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Cooking in a crisis

Sharing instead of buying meals is a win-win for local communities, especially in Europe's crisis-hit cities.

Cooking in a crisis

The advent of economic crises in countries like Greece has seen a return to a system of ‘collaborative consumption’ – the collective sharing of goods and services.

Think about your local community: how many services have popped up to share a car, parking space and on a global scale many of us now share ideas, films and even music.

A rise in swapping, sharing, renting and bartering are all indications that we are returning to an old-market system of interaction.

But nowhere is this social phenomenon gaining more momentum than in the crisis-hit capital cities of Europe. Now, even cooking is becoming an established part of this collaborative economy.

Cookisto is an online community developed by Athens-based student Michalis Gkontas. Originally conceived as part of a business plan for his Master’s thesis, the site now boasts close to 12,000 amateur home cooks and hungry city residents.

Parents, office-workers and students are all connecting online to create or find a home cooked meal for less than they would normally pay at one of the city’s food establishments.

“It is a win-win situation,” 26-year-old Gkontas told reporters. “The cooks get to earn a little extra, while foodies get nutritious home-cooked dishes for cheaper than if they were to get a takeaway.”

The start-up initiative, which relies heavily on renewed trust between Athens residents and a nifty rating system where the site’s cooks are rated on their food, is due to hit London next month.

With Greece’s unemployment reaching a staggering 27.9 per cent and a never-ending period of austerity, the ability to earn some extra euros by whipping up a moussaka or two is more than an enticing hobby for cooks.

One Cookista, Marilena Zachou from the Athens district of Marousi, has found the site curbs her family’s food waste and helps her earn roughly 200 euros a month – which subsequently gets used to pay for household groceries.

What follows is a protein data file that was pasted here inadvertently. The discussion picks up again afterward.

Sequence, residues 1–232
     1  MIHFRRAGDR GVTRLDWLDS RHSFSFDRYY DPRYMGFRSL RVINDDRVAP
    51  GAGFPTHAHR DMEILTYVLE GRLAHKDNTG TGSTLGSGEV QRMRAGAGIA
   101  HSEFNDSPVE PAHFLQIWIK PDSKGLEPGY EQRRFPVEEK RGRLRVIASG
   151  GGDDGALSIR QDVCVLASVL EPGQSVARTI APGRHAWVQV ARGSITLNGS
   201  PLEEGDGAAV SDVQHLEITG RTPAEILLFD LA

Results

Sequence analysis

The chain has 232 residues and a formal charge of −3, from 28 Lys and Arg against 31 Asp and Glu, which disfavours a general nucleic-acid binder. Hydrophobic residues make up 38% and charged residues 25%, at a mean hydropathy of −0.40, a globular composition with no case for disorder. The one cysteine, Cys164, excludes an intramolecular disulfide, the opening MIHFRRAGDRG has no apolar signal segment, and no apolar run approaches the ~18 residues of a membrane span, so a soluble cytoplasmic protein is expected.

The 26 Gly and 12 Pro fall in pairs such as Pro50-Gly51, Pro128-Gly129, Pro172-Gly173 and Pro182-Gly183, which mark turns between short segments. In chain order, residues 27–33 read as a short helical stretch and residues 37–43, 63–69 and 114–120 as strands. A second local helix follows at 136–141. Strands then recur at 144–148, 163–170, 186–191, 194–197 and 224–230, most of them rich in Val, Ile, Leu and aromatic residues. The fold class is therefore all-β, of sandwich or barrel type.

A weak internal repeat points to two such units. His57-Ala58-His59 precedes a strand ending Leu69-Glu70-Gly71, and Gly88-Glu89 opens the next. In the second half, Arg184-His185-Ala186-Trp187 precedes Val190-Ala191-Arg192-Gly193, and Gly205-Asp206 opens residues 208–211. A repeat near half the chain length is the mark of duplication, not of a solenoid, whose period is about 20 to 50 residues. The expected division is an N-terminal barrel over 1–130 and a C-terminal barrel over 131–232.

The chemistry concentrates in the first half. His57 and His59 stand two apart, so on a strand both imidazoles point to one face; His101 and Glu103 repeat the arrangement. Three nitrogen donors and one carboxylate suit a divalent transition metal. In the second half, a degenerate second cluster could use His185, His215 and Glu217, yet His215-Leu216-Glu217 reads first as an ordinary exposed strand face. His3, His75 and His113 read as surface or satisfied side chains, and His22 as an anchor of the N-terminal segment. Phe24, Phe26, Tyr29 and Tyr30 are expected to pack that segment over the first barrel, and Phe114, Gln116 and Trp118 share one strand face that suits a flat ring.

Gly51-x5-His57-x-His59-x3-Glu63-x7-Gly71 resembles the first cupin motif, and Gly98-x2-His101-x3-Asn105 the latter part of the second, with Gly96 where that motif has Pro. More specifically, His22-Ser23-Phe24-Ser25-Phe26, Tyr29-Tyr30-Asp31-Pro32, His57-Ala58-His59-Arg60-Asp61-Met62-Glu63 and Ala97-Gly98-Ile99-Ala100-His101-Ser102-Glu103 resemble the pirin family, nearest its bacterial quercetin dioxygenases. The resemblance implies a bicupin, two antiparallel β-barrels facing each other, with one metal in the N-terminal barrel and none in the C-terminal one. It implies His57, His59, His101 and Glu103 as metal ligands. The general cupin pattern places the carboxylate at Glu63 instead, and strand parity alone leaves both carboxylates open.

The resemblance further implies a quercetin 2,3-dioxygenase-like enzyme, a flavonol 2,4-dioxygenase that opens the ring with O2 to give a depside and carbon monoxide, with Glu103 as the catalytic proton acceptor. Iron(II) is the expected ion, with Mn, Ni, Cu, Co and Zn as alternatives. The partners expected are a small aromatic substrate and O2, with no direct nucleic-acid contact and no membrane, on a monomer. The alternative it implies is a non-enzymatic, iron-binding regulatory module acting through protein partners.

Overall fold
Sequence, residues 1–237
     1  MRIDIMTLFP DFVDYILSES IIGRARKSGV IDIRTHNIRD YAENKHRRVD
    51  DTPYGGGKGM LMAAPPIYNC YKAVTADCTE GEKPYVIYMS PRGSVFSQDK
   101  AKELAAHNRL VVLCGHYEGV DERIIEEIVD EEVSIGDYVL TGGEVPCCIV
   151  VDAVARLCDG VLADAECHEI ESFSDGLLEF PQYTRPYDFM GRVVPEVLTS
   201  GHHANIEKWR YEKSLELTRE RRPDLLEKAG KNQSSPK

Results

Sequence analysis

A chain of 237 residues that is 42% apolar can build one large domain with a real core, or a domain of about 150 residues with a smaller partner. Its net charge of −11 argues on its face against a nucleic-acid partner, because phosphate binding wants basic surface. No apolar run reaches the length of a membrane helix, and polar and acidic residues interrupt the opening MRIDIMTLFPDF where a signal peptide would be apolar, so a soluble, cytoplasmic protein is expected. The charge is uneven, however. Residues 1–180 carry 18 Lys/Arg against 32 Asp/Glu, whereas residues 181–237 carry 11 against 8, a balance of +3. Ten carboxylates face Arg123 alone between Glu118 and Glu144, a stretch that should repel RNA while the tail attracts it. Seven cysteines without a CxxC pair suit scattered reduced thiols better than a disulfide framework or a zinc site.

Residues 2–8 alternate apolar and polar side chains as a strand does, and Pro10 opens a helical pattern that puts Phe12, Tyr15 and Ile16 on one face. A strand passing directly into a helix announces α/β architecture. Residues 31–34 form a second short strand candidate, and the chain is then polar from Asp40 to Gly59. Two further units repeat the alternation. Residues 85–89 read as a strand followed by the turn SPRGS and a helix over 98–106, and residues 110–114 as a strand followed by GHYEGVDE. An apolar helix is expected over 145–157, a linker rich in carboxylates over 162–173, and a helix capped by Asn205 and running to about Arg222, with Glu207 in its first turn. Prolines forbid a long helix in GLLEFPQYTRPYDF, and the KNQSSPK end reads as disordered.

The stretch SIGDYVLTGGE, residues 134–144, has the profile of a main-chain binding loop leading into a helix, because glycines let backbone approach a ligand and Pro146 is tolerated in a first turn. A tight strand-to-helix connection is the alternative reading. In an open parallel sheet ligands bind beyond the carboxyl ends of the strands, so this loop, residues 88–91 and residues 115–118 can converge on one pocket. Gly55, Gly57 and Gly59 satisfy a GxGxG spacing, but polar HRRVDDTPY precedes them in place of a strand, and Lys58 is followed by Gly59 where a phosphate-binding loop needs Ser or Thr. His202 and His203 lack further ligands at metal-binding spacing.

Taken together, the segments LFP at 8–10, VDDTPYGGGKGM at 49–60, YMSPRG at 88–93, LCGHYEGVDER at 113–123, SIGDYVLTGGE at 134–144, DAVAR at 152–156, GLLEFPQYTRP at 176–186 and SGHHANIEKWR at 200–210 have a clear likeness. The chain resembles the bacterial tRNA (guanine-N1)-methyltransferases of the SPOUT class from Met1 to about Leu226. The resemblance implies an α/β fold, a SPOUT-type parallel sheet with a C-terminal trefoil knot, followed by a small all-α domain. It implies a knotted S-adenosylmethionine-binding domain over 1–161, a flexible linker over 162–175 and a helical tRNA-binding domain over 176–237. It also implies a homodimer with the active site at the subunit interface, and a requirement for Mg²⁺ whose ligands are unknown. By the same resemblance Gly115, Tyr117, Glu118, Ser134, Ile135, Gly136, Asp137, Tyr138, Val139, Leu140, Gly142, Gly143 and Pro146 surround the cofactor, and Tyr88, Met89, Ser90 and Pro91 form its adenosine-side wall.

But the Greek housewife insists the program is providing people with more than just money: “I feel we are pulling together in the crisis. Many students are struggling to make ends meet. I’ve been there… fed up of eating bread and takeaways. It’s nice I can provide them with food their mothers would cook and for very little,” Zachou told reporters.

Dimitirs Coustas, an Athenian office worker, says he buys his lunch from Cookisto at least once a week: “The cooks deliver the dishes to you themselves, sometimes they add a free dessert to encourage you to choose them again next time. It’s funny, sometimes the housewives will ask if you have ordered from anyone else on the site and enquire how their food rates compared to others’. I think there is quite a bit of competition!”

Cookisto’s Greek community has also moved beyond the Internet realm. A restored faith in community, coupled with the kindness of strangers, in the unemployment and poverty stricken society has seen organisers get together and spark conversation in feedback sessions.

This peer-to-peer marketplace turns out to be the real benefit of a collaborative economy says a recent article in Time magazine. “In an era when families are scattered and we may not know the people down the street, sharing things — even with strangers we’ve just met online — allows us to make meaningful connections. Peer-to-peer sharing “involves the re-emergence of community,” Sydney-based Rachel Botsman, co-author of What’s Mine Is Yours: The Rise of Collaborative Consumption says in the article.

“This works because people can trust each other.”

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